11 degrees 45 minutes; the flood sets to the southward, and the ebb, from
Van Diemen's Gulf out of Clarence Strait, runs through the strait to the
north, which must cause many shoals off the south entrance; the depth is
generally from ten to thirteen fathoms, but is very irregular towards the
south end; at low water many parts are dry, which leave the channels very
intricate. We passed over it at high water without knowing our danger,
for the stream of the tide carried us through the deepest part of the

BATHURST ISLAND is from thirty to thirty-three miles in extent, having a
circumference of a hundred and twenty miles. GORDON BAY, on its western
side, affords a good shelter in the easterly monsoon; it is ten miles
wide, and six deep, and terminated by PORT HURD, the entrance to which is
fronted by a bar, having twelve or fourteen feet on it at low water. Near
the south-western head of the bay two projecting cliffy points (Twin
Cliffs) terminate a sandy bay, from which wood and, probably, water may
be obtained.

PORT HURD, at the bottom of Gordon Bay, in latitude 11 degrees 39 minutes
30 seconds, is a mere salt-water inlet, running up in a South-East
direction for eight miles; it then separates into two creeks that wind
under each side of a wooded hill; the entrance is three-quarters of a
mile wide, and formed by two low points. At the back of the port are some
wooded hills; one of them, Mount Hurd, kept in the opening between the
two points of entrance, is the mark for the deepest part of the bar. When
within the entrance the port opens, and forms a basin two miles and a
quarter broad, after which it narrows and runs up at from half to a
quarter of a mile wide, with a channel four and five fathoms deep.

The country here is thickly wooded, but very low, excepting a few ranges
of hills that may rise to the height of two hundred feet. The south side
of Bathurst Island has no sinuosities.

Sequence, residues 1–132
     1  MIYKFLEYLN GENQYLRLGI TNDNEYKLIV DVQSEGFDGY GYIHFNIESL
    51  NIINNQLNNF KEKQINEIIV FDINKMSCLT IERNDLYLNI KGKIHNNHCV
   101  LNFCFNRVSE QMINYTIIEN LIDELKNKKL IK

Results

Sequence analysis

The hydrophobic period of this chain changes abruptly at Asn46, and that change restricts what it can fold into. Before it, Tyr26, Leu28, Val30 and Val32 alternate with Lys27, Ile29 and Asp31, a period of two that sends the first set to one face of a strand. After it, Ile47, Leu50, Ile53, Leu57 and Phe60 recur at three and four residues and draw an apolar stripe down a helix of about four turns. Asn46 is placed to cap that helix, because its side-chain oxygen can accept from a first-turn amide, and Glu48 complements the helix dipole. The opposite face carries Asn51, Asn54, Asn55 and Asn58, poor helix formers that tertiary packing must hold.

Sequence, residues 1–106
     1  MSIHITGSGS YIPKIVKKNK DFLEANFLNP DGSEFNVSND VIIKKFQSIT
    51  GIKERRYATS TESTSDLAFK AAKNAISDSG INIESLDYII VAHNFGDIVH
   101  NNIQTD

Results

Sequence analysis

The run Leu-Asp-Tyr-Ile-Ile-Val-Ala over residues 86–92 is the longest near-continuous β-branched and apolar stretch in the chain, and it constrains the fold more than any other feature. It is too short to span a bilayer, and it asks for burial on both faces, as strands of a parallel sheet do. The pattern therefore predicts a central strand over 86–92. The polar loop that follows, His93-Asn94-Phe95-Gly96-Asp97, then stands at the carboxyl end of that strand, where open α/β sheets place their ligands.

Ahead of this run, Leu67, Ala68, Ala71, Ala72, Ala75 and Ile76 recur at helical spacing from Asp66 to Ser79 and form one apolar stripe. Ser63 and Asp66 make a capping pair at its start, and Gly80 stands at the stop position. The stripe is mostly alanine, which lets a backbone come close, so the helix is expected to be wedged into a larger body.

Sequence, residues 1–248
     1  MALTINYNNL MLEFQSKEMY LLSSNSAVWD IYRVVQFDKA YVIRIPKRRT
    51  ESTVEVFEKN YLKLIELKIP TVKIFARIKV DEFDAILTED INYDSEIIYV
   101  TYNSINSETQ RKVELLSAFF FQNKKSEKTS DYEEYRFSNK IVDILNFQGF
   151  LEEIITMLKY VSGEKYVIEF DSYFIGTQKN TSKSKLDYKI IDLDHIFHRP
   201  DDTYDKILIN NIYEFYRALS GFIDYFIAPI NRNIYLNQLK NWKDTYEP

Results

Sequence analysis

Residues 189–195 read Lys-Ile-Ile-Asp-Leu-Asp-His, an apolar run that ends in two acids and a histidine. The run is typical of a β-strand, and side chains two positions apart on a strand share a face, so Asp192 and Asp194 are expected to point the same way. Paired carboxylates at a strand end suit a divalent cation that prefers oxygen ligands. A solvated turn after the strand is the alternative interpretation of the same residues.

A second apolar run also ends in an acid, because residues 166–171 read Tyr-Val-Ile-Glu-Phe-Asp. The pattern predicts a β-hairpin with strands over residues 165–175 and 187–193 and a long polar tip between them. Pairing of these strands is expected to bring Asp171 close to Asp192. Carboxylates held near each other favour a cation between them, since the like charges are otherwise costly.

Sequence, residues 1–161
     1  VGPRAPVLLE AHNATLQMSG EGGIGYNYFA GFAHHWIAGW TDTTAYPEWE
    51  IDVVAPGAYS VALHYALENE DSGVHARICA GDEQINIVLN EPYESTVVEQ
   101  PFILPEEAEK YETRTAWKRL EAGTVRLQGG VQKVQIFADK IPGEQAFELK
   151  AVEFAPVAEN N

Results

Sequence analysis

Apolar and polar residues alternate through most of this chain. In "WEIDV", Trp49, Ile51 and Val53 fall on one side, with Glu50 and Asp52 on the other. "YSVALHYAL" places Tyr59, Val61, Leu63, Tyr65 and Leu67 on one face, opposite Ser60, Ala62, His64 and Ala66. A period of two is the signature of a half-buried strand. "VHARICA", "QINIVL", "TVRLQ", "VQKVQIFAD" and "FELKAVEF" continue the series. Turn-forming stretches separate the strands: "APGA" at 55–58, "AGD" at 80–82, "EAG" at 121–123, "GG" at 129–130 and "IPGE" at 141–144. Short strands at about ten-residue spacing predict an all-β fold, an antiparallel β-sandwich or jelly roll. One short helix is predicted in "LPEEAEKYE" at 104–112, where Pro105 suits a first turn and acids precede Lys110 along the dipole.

Near CAPE FOURCROY the coast is formed by sandhills: but, for the next
fifteen miles, it is low and backed by wooded hills.





The nature of the winds upon the North-west Coast, that is, between Cape
Van Diemen and the North-west Cape, differs very materially from the
regularity of the monsoons in the sea that divides it from Timor and the
islands to the northward; excepting in the narrower part between Cape
Londonderry and the Sahul Bank, where, from the contracted nature of the
sea, more regular winds may be expected. The easterly monsoon commences
about the beginning of April, and in the months of May and June blows
with great strength, and will be found more regular close to the
projecting parts of the coast, but they then rather assume the character
of a sea-breeze, for the nights are generally calm.

After the month of June the winds to the westward of Cape Londonderry are
very irregular, and generally blow from the southward or south-west; they
are however more constant to the westward of Buccaneer's Archipelago,
where the seabreezes blow principally from the North-West along the land.
At intervals, during the east monsoon, the wind blows strong from
South-East, but only for a short time, perhaps only for a few hours.
Ships may creep along the Coast of New Holland to the eastward during the
easterly monsoon, when they could not make any progress in the mid sea,